Roxana Robinson

Literature allows us to enter another person’s mind. Often, it is the same one – the writer’s, refracted and bent through characters who, nevertheless, often have too much in common.

Roxana Robinson’s work is an effort to shatter the constraints of consciousness, bringing readers inside the head of radically different characters, from the artist Georgia O’Keeffe in a nonfiction biography to a young heroin addict and his parents in her 2008 novel, Cost.

Robinson continues this project in her new novel, Sparta. As Heller McAlpin writes in the Washington Post, it tells the story of “Conrad Farrell, a classics major at Williams College whose thesis is on the ancient Greek warrior culture of Sparta. When he announces his intention to join the Marines in the spring of 2001, his parents are aghast — even though the country is not at war. ‘Their family was bookish and liberal, not martial and authoritarian,’ Robinson writes. But Conrad insists that he wants ‘to do something that has consequences. This is the biggest challenge I know.’ ”

The novel does not focus on the combat Farrell saw, but the fighting the now 26-year-old remembers after returning home. “Robinson,” McAlpin writes, “captures the terrors of flashbacks, insomnia, headaches, panic attacks, impotence, inchoate rage and suicidal thoughts — all symptoms of post-traumatic stress disorder. Although no longer in danger, Conrad finds it impossible to let down his guard. He’s leery of crowds and windows. He flies into a terrifying rage when a woman’s handbag knocks into him in a crowded restaurant.”

Writing in the New York Times Book Review, Ron Carlson observes, “Conrad makes his own efforts to cope, but he can’t breach the new distance that has opened between him and his old life. … In this nuanced novel, we watch this fine, troubled young man as he chooses his own mission for the home front.”

Sparta, writes Elizabeth Taylor of the Chicago Tribune, “is a call to action, a plea for the troops who feel at odds and flummoxed in their attempt to rejoin the society they've left behind. But rather than a message disguised as fiction, Sparta is a beautifully written novel that illuminates what happens when we're estranged from the world as we know it.”

  

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Roxana Robinson’s Top Ten List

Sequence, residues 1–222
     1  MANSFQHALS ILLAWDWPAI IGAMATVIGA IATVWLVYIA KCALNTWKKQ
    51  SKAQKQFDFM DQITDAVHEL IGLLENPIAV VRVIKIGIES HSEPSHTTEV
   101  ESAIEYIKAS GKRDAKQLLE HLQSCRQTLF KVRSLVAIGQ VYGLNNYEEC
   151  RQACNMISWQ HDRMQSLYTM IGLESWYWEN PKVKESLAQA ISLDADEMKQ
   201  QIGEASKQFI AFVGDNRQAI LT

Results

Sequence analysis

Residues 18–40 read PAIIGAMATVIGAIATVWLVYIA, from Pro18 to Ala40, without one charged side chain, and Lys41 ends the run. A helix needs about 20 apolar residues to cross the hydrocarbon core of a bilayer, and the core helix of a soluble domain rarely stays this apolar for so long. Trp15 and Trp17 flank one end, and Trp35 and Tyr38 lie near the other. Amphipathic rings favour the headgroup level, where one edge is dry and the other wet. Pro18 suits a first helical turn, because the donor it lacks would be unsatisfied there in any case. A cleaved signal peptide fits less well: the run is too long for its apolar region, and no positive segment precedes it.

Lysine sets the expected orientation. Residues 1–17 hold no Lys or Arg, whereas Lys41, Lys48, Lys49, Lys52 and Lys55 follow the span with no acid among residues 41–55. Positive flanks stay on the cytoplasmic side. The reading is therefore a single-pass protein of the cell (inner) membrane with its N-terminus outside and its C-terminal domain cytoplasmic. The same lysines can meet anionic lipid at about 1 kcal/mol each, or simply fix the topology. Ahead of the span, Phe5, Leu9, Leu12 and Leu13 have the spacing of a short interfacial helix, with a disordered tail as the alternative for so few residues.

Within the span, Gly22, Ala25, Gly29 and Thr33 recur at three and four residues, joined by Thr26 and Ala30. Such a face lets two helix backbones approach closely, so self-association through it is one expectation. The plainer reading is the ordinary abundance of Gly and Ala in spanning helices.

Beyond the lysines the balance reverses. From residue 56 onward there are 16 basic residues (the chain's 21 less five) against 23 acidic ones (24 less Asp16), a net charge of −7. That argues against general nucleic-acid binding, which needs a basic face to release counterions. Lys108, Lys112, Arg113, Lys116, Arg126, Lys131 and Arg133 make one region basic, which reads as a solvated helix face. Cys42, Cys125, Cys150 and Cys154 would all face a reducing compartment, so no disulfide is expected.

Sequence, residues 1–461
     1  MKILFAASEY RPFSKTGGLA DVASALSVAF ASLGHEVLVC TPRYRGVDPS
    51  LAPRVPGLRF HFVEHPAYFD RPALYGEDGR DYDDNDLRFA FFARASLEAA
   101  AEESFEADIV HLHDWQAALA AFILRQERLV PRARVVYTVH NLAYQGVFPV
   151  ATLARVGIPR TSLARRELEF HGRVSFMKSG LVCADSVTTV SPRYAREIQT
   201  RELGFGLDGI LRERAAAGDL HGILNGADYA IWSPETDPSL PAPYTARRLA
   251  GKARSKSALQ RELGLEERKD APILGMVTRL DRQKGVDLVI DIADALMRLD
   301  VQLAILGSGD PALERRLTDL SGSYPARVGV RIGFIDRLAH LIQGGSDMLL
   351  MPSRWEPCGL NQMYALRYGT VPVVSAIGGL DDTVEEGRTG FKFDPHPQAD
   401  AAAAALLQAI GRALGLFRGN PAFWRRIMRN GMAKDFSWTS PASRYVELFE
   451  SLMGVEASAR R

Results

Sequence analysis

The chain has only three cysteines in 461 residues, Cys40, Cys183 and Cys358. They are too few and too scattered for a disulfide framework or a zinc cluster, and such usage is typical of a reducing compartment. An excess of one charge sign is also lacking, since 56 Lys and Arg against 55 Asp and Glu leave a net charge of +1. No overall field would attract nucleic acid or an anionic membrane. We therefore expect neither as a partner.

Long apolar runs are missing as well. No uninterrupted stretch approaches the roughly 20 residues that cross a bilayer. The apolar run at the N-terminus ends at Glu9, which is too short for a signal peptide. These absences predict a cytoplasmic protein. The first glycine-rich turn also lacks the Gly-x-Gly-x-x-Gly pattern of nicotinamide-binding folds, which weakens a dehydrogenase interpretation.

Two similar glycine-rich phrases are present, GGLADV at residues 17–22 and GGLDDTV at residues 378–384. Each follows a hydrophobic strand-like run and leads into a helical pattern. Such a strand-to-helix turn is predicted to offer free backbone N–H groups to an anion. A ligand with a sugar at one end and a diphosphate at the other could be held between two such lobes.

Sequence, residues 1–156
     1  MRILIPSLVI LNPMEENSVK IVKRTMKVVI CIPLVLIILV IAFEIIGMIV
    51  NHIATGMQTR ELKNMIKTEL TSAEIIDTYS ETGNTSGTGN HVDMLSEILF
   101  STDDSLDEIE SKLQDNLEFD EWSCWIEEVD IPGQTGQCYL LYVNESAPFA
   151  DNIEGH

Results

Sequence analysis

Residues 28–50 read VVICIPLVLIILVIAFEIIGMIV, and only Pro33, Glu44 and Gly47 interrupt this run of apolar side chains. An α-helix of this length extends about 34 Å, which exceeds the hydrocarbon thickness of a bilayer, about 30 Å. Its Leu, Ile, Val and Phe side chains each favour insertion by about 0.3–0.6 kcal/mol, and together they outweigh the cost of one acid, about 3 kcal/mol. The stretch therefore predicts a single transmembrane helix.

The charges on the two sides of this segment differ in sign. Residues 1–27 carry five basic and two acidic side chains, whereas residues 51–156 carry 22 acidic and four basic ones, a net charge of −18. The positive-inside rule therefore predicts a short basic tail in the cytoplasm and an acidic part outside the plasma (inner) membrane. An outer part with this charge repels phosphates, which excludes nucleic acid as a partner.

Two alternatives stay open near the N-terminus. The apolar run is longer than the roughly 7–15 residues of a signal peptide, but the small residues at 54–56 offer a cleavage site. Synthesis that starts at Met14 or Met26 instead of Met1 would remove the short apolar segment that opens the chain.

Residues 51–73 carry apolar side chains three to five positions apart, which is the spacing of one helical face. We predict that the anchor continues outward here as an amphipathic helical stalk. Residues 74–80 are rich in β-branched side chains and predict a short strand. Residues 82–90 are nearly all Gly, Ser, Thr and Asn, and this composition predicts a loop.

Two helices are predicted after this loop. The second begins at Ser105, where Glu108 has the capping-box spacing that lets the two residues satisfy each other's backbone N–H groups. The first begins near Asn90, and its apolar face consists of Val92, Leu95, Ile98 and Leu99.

1. War and Peace by Leo Tolstoy (1869).
2. The stories of Anton Chekhov (1860–1904).
3. To the Lighthouse by Virginia Woolf (1927).
4. Buddenbrooks by Thomas Mann (1900).
5. A Room with a View by E. M. Forster (1908).
6. The Raj Quartet  by Paul Scott (1966–75).
7. The Leopard by Giuseppe Tomasi di Lampedusa (1958).
8. Rabbit AngstromRabbit, Run (1960), Rabbit Redux (1971), Rabbit Is Rich (1981), Rabbit at Rest (1990) — by John Updike.
9. The Transit of Venus by Shirley Hazzard (1980).
10. Disgrace by J. M. Coetzee (1999).

 

New List

Francine Prose

1. Anna Karenina by Leo Tolstoy (1877).
2. The Charterhouse of Parma by Stendhal (1839). (See below.)
3. In Search of Lost Time by Marcel Proust (1913–27).
4. The stories of Anton Chekhov (1860–1904).
5. The stories of John Cheever (1912–82).
6. The stories of Mavis Gallant (1922– ).
7. Moby-Dick by Herman Melville (1851).
8. Middlemarch by George Eliot (1871–72).
9. One Hundred Years of Solitude by Gabriel García Márquez (1967).

 

Classic List

Amy Bloom

 

1. The Deptford trilogy by Robertson Davies (1983).
2.Persuasion by Jane Austen (1817).
3. His Dark Materialsby Philip Pullman (1995–2000).
4.The Stone Diaries by Carol Shields (1995).
5.The Known World by Edward P. Jones (2003).
6. The Beggar Maid by Alice Munro (1978).
7. The Plot Against Americaby Philip Roth.
8. The Hours by Michael Cunningham (1998).
9. Fancies and Goodnights by John Collier (1951).
10. Larry’s Party by Carol Shields (1997).

 

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